The earliest reference to magnets dates back more than 2,500 years when magnetic lodestones were discovered and used by the Greeks, although earlier civilisations may also have used the naturally occurring magnetic stones. The word magnet actually comes from the Greek word ‘Magnetis Lithos’ meaning ‘Magnesian Stone’ in reference to the area of now modern-day Turkey where the stones where found.
Did you know? The first magnetic material was discovered by the ancient Greeks over 2,500 years ago!
FROM ACCIDENT TO MASS PRODUCTION
These lodestones were used by the world’s early navigators and explorers to locate the earth’s magnetic north and in 1600 William Gilbert published the first scientific study of magnetism called De Magenete. It wasn’t until 1930 that the first ferrite magnet, also known as a ceramic magnet, was produced by accident by two Japanese professors at the Tokyo Institute of Technology, Dr. Yogoro Kato and Dr. Takeshi Takei. In the 1950’s mass production of ferrite magnets began as alternatives to metallic magnets and they are now commonly used in electronic inductors, transformers and electromagnets. They have also largely displaced the earlier developed Alnico magnets as radio magnets in loudspeakers.
Did you know? The chemical composition of the first ferrite magnets was accidently discovered by two Japanese scientists in the 1930s.
Ferrite magnets, also known as ceramic magnets are a type of permanent magnet and are made of the chemical compound ferrite, which consists of ceramic materials and iron oxide (Fe2O3), the chemical composition is SrO-6(Fe2O3). The raw materials used to produce ferrite magnets are strontium carbonate and iron oxide, each magnet consists of about 90% iron oxide and 10% strontium carbonate. Both materials are abundantly and economically available.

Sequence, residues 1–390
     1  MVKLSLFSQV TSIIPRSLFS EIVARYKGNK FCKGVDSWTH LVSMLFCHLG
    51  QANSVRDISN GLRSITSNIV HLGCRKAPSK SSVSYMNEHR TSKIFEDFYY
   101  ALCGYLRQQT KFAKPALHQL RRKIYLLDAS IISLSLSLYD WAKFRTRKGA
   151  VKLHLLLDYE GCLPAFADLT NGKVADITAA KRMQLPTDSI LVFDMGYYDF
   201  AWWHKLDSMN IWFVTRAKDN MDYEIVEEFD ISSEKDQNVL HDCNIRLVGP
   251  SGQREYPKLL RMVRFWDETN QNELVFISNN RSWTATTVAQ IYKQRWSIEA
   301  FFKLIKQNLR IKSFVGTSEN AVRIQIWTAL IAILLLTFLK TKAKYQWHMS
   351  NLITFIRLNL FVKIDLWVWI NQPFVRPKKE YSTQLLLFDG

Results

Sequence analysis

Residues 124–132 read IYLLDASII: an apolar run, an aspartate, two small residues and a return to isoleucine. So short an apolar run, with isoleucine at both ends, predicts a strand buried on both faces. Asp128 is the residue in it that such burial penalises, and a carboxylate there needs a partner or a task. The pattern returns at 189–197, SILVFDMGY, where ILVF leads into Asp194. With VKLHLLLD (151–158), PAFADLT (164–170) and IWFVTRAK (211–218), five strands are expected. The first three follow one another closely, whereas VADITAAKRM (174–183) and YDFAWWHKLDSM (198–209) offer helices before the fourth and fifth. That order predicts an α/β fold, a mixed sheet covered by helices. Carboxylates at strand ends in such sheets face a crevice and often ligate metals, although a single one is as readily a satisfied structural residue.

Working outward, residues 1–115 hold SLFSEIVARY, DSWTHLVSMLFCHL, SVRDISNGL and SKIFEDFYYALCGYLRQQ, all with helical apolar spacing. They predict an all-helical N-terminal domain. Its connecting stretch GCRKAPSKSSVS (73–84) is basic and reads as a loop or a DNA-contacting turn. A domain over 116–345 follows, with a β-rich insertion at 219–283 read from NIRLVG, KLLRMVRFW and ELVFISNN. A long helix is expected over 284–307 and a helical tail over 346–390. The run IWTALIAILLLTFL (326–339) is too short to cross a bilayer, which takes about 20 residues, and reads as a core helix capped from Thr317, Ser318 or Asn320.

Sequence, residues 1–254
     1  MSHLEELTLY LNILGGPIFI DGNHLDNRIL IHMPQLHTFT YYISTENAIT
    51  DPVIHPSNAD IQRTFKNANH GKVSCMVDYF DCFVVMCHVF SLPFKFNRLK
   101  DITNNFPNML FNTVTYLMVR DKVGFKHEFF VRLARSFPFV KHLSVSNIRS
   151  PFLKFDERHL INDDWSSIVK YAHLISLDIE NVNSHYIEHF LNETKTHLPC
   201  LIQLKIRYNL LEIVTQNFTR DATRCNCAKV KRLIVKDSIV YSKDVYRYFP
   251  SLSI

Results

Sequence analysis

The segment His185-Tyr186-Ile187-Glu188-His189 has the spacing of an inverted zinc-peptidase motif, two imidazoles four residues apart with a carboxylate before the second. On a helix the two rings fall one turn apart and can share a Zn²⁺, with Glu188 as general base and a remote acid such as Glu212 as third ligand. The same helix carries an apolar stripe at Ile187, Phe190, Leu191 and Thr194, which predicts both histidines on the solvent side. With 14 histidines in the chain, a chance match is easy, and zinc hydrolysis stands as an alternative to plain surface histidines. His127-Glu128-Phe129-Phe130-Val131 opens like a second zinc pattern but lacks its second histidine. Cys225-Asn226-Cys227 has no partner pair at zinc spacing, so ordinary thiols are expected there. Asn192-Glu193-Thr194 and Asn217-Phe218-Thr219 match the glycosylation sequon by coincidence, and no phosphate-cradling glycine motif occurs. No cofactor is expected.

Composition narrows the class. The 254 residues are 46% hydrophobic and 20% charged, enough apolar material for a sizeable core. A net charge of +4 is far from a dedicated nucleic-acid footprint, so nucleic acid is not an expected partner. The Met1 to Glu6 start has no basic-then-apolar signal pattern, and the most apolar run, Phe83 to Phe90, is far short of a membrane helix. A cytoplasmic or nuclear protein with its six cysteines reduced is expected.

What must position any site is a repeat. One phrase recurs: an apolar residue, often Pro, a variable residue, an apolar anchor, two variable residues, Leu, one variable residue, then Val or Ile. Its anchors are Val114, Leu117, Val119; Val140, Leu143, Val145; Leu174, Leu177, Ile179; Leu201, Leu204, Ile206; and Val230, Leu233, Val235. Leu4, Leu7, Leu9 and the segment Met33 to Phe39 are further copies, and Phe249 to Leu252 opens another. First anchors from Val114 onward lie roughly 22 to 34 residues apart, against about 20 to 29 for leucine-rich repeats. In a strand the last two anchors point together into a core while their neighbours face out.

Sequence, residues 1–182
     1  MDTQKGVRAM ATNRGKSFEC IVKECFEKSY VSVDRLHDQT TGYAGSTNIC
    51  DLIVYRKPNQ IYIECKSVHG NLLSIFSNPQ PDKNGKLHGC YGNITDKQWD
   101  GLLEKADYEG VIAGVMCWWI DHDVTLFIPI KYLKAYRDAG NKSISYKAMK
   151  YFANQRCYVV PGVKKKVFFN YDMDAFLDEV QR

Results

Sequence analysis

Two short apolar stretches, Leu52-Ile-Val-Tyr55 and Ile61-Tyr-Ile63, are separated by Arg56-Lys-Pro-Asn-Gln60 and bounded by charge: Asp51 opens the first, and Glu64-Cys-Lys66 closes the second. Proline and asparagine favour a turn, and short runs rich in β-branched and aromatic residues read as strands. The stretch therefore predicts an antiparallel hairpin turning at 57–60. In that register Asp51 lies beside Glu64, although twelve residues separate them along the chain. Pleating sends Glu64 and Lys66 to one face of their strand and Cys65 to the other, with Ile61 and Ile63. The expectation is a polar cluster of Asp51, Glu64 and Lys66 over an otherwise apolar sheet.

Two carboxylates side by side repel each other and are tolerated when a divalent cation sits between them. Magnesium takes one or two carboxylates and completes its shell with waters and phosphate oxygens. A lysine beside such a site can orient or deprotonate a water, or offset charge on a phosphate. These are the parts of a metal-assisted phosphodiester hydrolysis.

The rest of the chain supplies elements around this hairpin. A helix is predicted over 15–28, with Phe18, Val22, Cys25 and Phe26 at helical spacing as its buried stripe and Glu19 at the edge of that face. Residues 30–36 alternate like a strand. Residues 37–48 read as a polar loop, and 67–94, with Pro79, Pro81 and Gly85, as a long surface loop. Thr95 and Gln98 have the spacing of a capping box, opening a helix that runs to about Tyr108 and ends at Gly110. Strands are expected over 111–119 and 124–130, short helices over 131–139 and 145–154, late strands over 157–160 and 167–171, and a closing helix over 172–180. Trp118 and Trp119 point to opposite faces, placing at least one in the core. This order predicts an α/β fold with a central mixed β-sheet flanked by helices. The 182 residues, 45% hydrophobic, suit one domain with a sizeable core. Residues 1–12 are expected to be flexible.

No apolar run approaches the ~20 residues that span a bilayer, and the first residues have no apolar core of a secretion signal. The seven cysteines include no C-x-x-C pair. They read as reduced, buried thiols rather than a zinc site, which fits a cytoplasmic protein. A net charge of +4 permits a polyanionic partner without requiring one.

Did you know? Ferrite magnets are also known as ceramic magnets because of their electrically insulating properties and the way they are produced.
Because of their low production costs and their resistance to heat (up to 250℃) and corrosion, ferrite magnets are among the most popular for everyday applications. They have a much higher intrinsic coercivity than Alnico magnets making them much better at resisting demagnetisation from external magnetic fields. However, their adhesive magnetic force is much weaker than that of high-performance neodymium magnets.
For their cost, hard ferrite magnets are very resistant to being demagnetised, they also have a high magnetic permeability which enables them to store stronger magnetic fields than metallic magnets. While they aren’t as powerful as neodymium magnets, they do have good endurance and will most likely exceed the life cycle of the applications they are used in.
At first4magnets.com, all our magnets offer excellent value for money, but if price is more important than adhesive force then ferrite might be the magnet type for you. We stock a wide range of ferrite magnets for almost any application.